Two weeks ago I have upgraded my machine to Fedora 23. I fought a bit with the installation of Nvidia proprietary driver. The main reason was that new kernel modules to load need to be signed with a key accepted by Secure Boot. Below are steps I have followed to achieve this configuration.

Creating New X.509 Key Pair

The openssl tool can be used to generate a public and private X.509 key pair that will be used to sign a kernel module after it has been built.

First, it is recommended to create a configuration file to pass parameters. Hereafter is an example named x509-configuration.ini. Values starting by YOUR_ need to be replaced by your own data:

[ req ]
default_bits = 4096
distinguished_name = req_distinguished_name
prompt = no
string_mask = utf8only
x509_extensions = myexts

[ req_distinguished_name ]
O = YOUR_USERNAME
CN = YOUR_USERNAME
emailAddress = YOUR_EMAIL_ADDRESS

[ myexts ]
basicConstraints=critical,CA:FALSE
keyUsage=digitalSignature
subjectKeyIdentifier=hash
authorityKeyIdentifier=keyid

Then, key pair can be generated as follows:

openssl req -x509 -new -nodes -utf8 -sha256 -days 36500 -batch -config x509-configuration.ini -outform DER -out public_key.der -keyout private_key.priv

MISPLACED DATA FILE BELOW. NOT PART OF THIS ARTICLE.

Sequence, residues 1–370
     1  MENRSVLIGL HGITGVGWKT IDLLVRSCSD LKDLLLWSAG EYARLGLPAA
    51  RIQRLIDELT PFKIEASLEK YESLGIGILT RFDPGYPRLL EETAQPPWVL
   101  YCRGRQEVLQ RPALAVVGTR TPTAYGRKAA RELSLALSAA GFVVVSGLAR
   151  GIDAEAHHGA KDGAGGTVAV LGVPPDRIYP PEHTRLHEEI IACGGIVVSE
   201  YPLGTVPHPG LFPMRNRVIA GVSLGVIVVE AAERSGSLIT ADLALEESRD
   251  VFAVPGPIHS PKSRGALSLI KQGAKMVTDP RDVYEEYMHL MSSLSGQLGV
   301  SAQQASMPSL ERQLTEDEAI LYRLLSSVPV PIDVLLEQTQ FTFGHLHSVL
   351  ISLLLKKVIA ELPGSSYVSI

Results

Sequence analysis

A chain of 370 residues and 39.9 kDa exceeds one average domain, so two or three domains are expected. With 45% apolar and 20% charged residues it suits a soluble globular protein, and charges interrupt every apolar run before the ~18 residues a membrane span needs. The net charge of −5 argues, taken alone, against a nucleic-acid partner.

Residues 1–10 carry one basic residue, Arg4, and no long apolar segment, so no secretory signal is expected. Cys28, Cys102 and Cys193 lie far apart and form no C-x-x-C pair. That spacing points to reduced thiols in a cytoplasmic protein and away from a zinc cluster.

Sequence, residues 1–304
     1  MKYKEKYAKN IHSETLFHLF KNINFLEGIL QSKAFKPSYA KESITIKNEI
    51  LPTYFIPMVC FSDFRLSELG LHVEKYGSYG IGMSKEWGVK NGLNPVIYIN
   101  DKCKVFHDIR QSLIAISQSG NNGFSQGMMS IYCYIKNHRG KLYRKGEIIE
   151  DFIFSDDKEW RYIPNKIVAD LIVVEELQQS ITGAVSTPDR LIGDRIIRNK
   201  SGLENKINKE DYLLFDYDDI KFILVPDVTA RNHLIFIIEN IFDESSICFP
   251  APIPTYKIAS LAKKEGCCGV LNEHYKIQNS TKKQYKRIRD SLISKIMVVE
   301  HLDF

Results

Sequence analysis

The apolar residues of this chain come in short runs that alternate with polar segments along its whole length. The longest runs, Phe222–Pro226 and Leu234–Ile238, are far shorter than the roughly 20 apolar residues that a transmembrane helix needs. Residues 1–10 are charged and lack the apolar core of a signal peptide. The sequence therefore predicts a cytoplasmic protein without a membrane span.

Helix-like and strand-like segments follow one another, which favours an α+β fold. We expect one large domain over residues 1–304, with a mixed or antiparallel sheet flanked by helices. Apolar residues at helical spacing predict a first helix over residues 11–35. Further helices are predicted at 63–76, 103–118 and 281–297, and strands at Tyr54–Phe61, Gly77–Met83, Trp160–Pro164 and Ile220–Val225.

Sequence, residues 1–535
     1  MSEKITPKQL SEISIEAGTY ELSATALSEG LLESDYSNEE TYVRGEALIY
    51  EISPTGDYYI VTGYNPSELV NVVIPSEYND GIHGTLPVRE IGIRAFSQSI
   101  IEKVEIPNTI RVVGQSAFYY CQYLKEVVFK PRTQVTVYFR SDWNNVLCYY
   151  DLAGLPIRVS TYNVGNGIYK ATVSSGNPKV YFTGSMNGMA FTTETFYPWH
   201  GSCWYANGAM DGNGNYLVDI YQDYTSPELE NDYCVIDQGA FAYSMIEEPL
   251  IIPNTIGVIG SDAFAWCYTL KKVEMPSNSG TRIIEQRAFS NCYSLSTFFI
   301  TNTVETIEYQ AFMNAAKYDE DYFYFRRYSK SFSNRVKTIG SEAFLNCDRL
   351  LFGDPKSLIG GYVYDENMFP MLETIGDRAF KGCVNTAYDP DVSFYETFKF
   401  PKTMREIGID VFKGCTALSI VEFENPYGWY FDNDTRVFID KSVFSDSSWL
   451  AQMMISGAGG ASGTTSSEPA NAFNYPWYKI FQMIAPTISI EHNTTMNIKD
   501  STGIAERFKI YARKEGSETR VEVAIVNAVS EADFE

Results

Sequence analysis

Output are two files: public_key.der and private_key.priv.

Enrolling Public Key

At boot, the kernel loads Secure Boot db key database into system keyring. Since this last is used to check which kernel modules can be loaded, the public key public_key.der needs to be enrolled in this database in order to accept new modules signed with our private key private_key.priv.

Usually, this operation can be achieved with mokutil Fedora userspace utility:

mokutil --import mpublic_key.der

Unfortunately, this utility was not working for me. I was always getting Failed to enroll new keys. Hopefully, it is possible to enroll a new key from the UEFI interface, directly.

First, copy file public_key.der on an USB key, then restart your machine and press the appropriate key to access your UEFI interface.

In my case the right key is F2. Once pressed, the UEFI interface of my SABERTOOTH Z97 MARK 1 motherboard is displayed. To configure Secure Boot keys, I clicked on Advanced Mode, Boot, Secure Boot and Key Management. From the panel I selected Append default DB keys, answered No to the question that asked if I wanted to append default DB keys. This way it asked me from where I wanted to load keys. It allowed me to select my public key from USB key.

Once loaded, you can restart your machine. All new kernel modules signed with the private key generated previously should be loaded with success by the kernel.

Signing kernel module

Move to the folder that contains the nvidia kernel module compiled. If proprietary driver was installed by dnf the location should be /usr/lib/modules/$(uname -r)/extra/nvidia-340xx/.

At this location, two files should be available: nvidia.ko and nvidia-uvm.ko.

Signing both modules is as simple as follows (assuming package kernel-devel is installed):

perl /usr/src/kernels/$(uname -r)/scripts/sign-file sha256 ~/private_key.priv  ~/public_key.der  nvidia.ko
perl /usr/src/kernels/$(uname -r)/scripts/sign-file sha256 ~/private_key.priv  ~/public_key.der  nvidia-uvm.ko

Then, module can be loaded with insmod and loaded modules listed with listmod.